It was pouring rain and freezing cold in Brooklyn, New York. Officer Michael Pascale with the New York Police Department was on patrol when he spotted a tiny figure shivering beside a fence. As he approached, he discovered that it was a skinny black dog who wasn’t just huddled beside the fence—he was chained to it. Abandoned and scared, the animal looked up at the approaching stranger with fear in his eyes.
Pascale tried to comfort the pup as he unknotted the tether and tried to loosen the cold, heavy metal chain weighing down his thin neck. Bundling the whimpering dog in his arms, he carried him to the warm, dry patrol car and to safety. But for Pascale, the job wasn’t over. After the pup made a brief stop at the ASPCA for care, his new best friend was waiting for him, with a new home and a new name: Joey.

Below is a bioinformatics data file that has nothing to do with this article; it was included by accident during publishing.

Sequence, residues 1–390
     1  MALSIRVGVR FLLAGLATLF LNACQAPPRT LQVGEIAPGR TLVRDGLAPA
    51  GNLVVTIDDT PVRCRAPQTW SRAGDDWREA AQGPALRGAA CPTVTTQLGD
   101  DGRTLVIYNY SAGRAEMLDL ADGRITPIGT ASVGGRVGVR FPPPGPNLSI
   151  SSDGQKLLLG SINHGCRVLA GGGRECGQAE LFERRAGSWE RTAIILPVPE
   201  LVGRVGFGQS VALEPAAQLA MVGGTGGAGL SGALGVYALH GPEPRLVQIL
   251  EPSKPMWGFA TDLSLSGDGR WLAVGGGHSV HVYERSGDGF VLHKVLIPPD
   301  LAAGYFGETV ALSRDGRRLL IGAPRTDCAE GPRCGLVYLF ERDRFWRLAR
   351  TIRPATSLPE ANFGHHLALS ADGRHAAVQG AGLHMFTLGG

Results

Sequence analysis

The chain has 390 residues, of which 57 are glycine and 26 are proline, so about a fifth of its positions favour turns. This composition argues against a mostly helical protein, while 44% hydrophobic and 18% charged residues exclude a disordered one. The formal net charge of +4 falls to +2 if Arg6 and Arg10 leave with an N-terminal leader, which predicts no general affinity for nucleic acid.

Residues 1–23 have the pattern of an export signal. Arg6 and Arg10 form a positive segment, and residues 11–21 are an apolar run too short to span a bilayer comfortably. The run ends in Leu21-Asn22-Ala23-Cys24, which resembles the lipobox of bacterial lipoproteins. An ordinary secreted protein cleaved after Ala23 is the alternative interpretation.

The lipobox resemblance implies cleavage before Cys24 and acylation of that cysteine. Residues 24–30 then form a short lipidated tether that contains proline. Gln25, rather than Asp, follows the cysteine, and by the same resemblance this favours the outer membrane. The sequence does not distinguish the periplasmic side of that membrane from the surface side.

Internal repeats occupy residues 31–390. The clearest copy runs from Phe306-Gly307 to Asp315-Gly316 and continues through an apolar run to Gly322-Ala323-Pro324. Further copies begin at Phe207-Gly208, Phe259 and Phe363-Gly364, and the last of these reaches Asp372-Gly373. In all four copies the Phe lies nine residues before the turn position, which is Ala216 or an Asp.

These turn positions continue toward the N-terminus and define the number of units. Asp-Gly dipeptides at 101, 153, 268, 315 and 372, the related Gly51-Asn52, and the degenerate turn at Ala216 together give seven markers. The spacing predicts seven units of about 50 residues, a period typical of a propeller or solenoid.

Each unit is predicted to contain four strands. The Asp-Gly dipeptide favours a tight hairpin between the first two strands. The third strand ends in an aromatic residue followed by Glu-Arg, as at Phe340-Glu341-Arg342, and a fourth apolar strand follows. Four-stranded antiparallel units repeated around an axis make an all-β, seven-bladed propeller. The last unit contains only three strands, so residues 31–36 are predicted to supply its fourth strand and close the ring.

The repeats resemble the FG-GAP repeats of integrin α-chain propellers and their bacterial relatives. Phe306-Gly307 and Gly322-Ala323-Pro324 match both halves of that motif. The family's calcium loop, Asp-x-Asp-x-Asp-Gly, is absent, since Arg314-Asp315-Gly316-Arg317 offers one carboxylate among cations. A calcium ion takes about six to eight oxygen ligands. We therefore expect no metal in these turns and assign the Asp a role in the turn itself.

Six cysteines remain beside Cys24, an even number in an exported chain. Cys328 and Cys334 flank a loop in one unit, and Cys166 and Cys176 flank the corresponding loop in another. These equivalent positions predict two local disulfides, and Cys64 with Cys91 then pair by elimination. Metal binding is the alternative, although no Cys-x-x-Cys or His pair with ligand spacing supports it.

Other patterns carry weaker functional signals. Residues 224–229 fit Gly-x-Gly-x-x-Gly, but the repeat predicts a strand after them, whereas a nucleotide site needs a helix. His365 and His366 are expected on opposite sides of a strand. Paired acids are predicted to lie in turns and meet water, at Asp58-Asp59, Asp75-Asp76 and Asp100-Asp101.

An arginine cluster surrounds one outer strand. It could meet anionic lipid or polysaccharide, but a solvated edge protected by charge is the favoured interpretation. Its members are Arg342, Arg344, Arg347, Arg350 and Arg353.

Joey has inspired Pascale to work even harder to end the abuse of chaining. As he rightly puts it, chaining a dog outside is “100 percent wrong.” It’s one of the cruelest punishments imaginable for social animals who need and deserve companionship.
Chained dogs are often deprived of adequate food, water, shelter, veterinary care, socialization, and affection. And because they’re unable to escape, they can fall victim to other animals, cruel humans, fires, and flooding.
If you see a chained dog who appears to be suffering, call your local authorities. Stay with the dog until they arrive, and make sure that the animal receives help. If local authorities don’t help, contact PETA’s emergency pager at the number provided in the video. If you see an animal who needs help but does not appear to be in immediate danger, you can also use this form. You may be the animal’s only chance.